Cat Vaccination Requirements in Michigan

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Keep cats indoors for safety.
Keep cats indoors for safety. (Image: cat image by maxthewildcat from Fotolia.com)

Michigan cat vaccination laws vary depending on the city, but most cities require a current rabies vaccine for all cats. While vaccines are available for many of the contagious diseases spread by and to cats, the surest way to keep your cat safe is to always keep it indoors.

Rabies

In most cities in Michigan, a rabies vaccination is required by law for every cat over 6 months of age that is registered to your name. There are one year and three year vaccines available. Your cat can be vaccinated by your veterinarian at its annual examination, or at a clinic offered by the Humane Society. Rabies is often a fatal disease. It is transported through the saliva of animals and affects the nervous system. Rabies can also be transmitted to humans. If a human is bitten by an infected animal, he should seek medical treatment immediately. If your cat is not vaccinated and bites someone, it must be quarantined for rabies observation.

Feline Distemper

Panleukopenia, feline distemper, is a highly transmittable disease that travels from cat to cat. There are no laws surrounding the feline distemper vaccine, but it is highly recommended that your cat receive the vaccination annually when it is examined by your veterinarian. Panleukopenia is transmitted through infected saliva, urine or feces. If your cat becomes infected you might notice a loss of appetite, depression, weight loss, fever, vomiting, diarrhea, swollen lymph nodes or anemia. If your cat exhibits any of these signs, it should be promptly examined by your veterinarian.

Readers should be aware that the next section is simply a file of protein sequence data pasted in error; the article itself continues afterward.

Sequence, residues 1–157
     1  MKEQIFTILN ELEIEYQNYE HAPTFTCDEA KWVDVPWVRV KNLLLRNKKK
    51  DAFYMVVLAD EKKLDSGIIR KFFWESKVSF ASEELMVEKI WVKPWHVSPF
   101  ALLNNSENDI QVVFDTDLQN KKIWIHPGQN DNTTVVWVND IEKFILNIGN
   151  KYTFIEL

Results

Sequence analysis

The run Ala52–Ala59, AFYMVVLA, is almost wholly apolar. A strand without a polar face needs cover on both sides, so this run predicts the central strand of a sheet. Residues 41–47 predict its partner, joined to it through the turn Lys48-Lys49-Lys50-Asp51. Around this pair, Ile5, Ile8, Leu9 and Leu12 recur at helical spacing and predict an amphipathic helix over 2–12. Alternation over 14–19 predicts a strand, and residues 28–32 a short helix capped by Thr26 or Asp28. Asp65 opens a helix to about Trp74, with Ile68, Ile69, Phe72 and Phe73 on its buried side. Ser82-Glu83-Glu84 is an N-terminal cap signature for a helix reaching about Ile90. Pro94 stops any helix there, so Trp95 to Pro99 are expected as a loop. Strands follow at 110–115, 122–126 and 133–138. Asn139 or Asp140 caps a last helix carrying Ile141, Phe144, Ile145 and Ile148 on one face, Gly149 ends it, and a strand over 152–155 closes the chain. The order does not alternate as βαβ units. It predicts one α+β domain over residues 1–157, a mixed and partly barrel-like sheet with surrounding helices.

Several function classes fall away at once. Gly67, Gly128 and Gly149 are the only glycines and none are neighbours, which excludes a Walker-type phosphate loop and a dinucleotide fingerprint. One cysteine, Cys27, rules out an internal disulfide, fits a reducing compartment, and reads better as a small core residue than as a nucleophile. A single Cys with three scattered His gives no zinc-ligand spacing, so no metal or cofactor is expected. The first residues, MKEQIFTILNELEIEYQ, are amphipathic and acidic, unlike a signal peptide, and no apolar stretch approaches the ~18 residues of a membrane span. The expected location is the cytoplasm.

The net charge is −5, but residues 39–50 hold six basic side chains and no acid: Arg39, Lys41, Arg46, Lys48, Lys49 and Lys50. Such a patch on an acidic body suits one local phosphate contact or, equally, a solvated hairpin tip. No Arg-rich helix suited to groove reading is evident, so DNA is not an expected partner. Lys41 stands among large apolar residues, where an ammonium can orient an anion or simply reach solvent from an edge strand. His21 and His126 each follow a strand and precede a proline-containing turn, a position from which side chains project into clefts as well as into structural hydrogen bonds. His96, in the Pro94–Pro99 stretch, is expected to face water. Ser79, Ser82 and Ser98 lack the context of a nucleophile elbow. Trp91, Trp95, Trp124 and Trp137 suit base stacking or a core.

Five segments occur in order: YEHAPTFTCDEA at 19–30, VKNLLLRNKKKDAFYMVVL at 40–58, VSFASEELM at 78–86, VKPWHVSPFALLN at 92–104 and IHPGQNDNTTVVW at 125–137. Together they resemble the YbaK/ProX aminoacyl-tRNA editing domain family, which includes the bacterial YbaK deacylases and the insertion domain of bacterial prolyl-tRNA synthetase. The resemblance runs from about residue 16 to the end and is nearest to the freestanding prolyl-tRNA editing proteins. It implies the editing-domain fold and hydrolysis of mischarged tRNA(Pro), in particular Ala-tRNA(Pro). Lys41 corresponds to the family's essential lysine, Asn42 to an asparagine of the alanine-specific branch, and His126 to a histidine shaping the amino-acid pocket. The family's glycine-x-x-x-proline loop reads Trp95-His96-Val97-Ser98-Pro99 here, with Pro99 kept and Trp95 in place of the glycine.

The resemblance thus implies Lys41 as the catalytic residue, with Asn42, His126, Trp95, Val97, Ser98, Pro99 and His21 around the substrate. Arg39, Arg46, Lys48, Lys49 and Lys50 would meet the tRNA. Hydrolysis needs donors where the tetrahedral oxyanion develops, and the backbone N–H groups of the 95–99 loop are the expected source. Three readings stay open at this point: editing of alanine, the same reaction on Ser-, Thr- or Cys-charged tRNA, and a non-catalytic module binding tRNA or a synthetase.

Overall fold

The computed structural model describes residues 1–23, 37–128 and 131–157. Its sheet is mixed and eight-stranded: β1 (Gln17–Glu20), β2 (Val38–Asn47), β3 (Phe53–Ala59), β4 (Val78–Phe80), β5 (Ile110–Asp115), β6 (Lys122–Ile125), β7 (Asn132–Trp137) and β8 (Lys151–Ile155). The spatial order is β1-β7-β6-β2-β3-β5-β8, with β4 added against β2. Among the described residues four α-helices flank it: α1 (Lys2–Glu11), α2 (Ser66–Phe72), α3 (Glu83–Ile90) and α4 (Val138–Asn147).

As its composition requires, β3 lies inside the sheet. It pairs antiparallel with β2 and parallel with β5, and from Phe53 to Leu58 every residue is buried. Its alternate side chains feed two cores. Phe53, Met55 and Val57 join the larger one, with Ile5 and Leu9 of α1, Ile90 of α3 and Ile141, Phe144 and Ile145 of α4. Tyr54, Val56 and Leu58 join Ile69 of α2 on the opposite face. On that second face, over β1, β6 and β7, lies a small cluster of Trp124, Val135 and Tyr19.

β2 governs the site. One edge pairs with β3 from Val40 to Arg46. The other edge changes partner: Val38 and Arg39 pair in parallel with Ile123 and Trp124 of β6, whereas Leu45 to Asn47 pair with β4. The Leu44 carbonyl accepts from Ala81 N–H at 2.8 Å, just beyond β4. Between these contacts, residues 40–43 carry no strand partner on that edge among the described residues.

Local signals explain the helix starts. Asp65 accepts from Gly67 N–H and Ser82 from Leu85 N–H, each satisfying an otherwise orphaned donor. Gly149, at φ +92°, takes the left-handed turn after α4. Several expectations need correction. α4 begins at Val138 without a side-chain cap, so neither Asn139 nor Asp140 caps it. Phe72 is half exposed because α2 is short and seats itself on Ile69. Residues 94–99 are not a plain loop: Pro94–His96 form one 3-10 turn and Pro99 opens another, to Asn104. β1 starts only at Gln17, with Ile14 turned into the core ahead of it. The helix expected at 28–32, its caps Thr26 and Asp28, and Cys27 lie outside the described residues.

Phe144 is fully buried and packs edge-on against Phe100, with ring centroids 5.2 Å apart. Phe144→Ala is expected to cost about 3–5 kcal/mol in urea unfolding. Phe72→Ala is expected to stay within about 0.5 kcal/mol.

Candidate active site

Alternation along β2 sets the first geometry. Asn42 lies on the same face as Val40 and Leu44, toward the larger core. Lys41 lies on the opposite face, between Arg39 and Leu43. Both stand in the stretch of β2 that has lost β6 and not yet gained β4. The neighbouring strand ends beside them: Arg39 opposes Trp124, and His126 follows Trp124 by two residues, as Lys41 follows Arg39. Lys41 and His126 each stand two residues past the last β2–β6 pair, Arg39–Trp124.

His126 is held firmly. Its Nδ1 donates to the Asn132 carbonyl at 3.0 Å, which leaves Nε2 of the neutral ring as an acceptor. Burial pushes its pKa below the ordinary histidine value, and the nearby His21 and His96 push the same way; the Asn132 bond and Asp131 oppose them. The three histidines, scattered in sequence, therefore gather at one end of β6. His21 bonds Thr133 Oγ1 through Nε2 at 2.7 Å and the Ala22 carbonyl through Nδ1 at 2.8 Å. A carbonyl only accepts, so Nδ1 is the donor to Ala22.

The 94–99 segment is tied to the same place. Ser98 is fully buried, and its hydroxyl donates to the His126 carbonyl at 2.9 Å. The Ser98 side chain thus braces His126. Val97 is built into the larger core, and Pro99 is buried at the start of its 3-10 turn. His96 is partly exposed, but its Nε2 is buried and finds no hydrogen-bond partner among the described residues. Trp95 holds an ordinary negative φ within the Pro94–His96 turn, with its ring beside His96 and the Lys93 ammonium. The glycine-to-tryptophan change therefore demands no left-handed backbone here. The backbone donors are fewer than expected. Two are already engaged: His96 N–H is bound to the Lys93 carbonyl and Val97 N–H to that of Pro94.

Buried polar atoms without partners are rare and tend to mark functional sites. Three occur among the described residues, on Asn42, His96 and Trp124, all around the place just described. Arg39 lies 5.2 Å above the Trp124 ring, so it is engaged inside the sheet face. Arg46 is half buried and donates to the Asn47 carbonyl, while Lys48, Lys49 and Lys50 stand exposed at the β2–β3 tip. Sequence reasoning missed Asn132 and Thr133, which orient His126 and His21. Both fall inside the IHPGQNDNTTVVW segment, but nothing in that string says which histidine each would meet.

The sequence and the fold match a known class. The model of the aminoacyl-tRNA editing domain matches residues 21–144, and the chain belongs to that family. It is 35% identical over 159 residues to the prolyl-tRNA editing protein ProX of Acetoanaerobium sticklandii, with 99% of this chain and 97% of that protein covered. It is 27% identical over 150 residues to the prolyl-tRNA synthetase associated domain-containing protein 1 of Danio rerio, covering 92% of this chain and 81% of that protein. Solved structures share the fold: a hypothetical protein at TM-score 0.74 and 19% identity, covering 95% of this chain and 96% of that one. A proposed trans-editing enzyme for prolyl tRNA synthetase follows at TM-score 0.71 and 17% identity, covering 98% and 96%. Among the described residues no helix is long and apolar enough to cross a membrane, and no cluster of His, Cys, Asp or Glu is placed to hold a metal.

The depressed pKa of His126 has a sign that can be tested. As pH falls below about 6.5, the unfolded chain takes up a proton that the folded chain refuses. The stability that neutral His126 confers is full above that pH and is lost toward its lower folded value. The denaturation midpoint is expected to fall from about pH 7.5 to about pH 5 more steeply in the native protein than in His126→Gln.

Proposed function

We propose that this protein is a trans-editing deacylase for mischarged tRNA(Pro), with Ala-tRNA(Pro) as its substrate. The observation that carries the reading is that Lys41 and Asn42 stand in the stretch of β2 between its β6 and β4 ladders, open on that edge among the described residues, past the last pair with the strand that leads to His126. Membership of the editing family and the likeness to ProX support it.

Feline Leukemia

Feline leukemia, which is sometimes abbreviated as FeLV, is an immuno-suppressing disease that is spread cat to cat via any bodily fluid: saliva, urine, feces, blood and placental fluids. This disease is easily spread through mutual grooming, communal litter boxes, sharing food and water dishes and biting. A vaccine is available, and while it is not required by Michigan law, it is recommended that your cat be vaccinated annually by your veterinarian. While cats with feline leukemia can live long, relatively normal lives, they should be kept away from other cats so that they do spread the infection. Infected cats should not receive the FeLV vaccine.

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